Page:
New Zealand leader discusses abortion, marijuana, monarchy

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New Zealand Ardern Interview

New Zealand's Prime Minister Jacinda Ardern speaks during an interview in Wellington, New Zealand, Thursday, Dec. 5, 2019. Ardern said she’ll do all she can to stop a man accused of killing 51 Muslim worshippers from spreading his message of hate at his trial. She also hopes artificial intelligence will one day stop such attacks from being broadcast online. (AP Photo/Sam James)

WELLINGTON, New Zealand (AP) — During an interview with The Associated Press, New Zealand Prime Minister Jacinda Ardern discussed a range of social issues, including three the nation will make decisions on next year: euthanasia, marijuana use and abortion. But one thing she remained quiet about was her marriage plans.


EUTHANASIA: In a referendum next year, New Zealanders will vote on whether to legalize euthanasia.

The measure applies only to people who are terminally ill and likely to die within six months. To be eligible, a person must be in irreversible physical decline and experience "unbearable suffering" that cannot be relieved in any other way they find tolerable.

Ardern said she’d be voting in favor of the measure because she didn’t want to stand in the way of other people’s choices.


MARIJUANA: A second referendum measure will determine whether marijuana will be legalized for recreational use. The wording hasn’t been finalized yet, but a draft would limit sales to those aged over 20, ban advertising and smoking in public places. It would allow people to grow up to four marijuana plants at home.

Ardern declined to say how she’d vote, saying her job was to facilitate a discussion on what option would best reduce harm.


ABORTION: Lawmakers are considering changes to abortion laws that would treat the procedure as a health issue rather than a crime.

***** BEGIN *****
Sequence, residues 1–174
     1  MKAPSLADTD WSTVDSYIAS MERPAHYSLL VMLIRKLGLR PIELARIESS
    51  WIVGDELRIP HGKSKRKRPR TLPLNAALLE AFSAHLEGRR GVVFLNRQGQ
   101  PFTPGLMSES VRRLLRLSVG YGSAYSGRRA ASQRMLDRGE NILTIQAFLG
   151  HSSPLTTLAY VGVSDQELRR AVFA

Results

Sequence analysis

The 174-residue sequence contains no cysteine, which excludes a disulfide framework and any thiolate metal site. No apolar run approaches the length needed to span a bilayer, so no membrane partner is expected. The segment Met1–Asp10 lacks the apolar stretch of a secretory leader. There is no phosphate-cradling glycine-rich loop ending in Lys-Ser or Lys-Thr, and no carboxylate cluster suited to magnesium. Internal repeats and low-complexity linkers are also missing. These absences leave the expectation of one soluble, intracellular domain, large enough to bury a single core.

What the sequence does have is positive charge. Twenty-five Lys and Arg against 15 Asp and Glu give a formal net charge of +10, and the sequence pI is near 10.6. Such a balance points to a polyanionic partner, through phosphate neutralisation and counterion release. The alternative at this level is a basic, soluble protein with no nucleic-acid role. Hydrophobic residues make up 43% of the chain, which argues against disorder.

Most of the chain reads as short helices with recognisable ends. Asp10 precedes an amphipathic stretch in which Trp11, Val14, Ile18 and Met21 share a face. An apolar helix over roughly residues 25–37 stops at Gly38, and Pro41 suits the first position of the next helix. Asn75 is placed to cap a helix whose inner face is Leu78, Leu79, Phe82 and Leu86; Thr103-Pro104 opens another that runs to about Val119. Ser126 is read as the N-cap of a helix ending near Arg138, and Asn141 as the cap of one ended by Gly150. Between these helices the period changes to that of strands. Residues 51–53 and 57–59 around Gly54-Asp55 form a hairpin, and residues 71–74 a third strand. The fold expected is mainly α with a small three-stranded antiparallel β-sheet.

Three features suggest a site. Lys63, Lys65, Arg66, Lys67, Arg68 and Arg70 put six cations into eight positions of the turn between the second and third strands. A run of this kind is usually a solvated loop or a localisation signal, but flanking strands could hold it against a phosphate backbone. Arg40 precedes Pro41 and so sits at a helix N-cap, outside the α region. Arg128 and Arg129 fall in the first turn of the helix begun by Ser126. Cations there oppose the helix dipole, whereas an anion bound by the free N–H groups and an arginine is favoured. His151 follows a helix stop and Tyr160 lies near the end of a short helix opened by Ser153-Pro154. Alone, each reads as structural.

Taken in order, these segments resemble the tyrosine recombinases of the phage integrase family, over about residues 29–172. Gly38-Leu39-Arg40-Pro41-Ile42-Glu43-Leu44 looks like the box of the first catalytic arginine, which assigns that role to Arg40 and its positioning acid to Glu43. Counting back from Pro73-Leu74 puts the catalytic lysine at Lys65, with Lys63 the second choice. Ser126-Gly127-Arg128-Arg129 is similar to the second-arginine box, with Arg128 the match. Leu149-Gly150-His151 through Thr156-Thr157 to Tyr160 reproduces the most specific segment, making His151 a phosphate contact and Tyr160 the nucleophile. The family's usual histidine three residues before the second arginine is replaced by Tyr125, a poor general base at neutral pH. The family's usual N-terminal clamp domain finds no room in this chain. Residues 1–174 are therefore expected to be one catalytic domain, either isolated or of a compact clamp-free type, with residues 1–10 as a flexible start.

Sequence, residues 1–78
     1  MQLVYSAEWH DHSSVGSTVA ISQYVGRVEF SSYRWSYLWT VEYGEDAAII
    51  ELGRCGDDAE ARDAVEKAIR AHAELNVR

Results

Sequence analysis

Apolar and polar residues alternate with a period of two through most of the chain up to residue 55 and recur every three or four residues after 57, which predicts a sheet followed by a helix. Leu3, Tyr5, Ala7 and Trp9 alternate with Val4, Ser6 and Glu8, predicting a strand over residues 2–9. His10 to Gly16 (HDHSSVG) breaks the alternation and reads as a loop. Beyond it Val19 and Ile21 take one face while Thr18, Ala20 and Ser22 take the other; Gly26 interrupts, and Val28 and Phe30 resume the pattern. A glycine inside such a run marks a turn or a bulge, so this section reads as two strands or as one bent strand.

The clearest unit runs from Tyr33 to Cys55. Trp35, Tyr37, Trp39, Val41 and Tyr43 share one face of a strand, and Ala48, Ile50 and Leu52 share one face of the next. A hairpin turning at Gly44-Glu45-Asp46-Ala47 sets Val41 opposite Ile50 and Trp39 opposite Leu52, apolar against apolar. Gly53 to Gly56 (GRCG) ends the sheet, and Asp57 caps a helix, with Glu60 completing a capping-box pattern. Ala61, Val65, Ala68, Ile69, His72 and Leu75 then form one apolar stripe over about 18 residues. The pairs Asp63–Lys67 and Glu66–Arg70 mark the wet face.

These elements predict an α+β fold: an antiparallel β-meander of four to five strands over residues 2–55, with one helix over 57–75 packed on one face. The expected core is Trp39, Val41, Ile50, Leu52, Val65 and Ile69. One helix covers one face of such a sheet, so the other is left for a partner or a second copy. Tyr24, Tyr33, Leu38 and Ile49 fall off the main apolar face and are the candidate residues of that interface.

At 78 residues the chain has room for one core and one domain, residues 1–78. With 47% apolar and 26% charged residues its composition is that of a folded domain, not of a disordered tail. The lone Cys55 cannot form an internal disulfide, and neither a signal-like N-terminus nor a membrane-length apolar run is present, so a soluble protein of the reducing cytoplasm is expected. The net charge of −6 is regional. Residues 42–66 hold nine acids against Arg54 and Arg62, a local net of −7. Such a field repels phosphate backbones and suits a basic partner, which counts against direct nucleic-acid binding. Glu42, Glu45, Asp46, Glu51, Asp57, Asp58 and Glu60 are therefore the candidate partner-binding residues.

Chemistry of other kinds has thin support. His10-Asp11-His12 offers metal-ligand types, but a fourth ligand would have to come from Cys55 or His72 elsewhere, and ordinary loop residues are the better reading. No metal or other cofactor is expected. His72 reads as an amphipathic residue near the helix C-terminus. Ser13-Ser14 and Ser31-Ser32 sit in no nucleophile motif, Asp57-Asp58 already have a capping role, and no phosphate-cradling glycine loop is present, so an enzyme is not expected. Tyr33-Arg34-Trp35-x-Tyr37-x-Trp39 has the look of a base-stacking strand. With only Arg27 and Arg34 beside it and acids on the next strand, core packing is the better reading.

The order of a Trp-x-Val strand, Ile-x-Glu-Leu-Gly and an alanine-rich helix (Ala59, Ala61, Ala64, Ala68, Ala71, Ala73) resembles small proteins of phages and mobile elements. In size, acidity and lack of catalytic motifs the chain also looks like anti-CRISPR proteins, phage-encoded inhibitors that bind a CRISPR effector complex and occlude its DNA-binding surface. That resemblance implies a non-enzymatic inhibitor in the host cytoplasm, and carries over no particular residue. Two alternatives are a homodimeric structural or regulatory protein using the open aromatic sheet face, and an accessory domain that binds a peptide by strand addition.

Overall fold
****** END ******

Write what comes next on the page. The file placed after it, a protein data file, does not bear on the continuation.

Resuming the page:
While abortions have been available in New Zealand for decades, the procedure is still regulated under the Crimes Act, which many say presents unnecessary obstacles for women seeking abortions.

Ardern said she thought the country was ready for the planned changes, and lawmakers had shown overwhelming support during a preliminary vote.


WOMEN’S ISSUES: Ardern is seen by many women around the world as a role model. She said women still face many issues, depending on where they live.

“One of the greatest challenges in some parts of the world is accessing basic maternal health or even basic education,” Ardern said. “For other parts of the world like ours, it will be issues like being free from violence, intimate partner violence, and the gender pay gap.”

What is shared, she said, is the knowledge there are issues specific to women that need to be addressed and a sense of solidarity.


MONARCHY: Ardern said she believed that New Zealand would eventually ditch its constitutional allegiance to the British monarchy and become a republic. She just didn’t know when.

“I don’t think people have any urgency around that right now,” she said. “I don’t think it’s top of people’s minds.”


MARRIAGE: Ardern announced in May that longtime partner Clarke Gayford had proposed to her and she’d accepted.

The couple have a 17-month-old daughter, Neve. Ardern became just the second elected world leader in modern history to give birth while holding office in 2018.

On Thursday Ardern laughed and said simply: ‘’No date yet.’’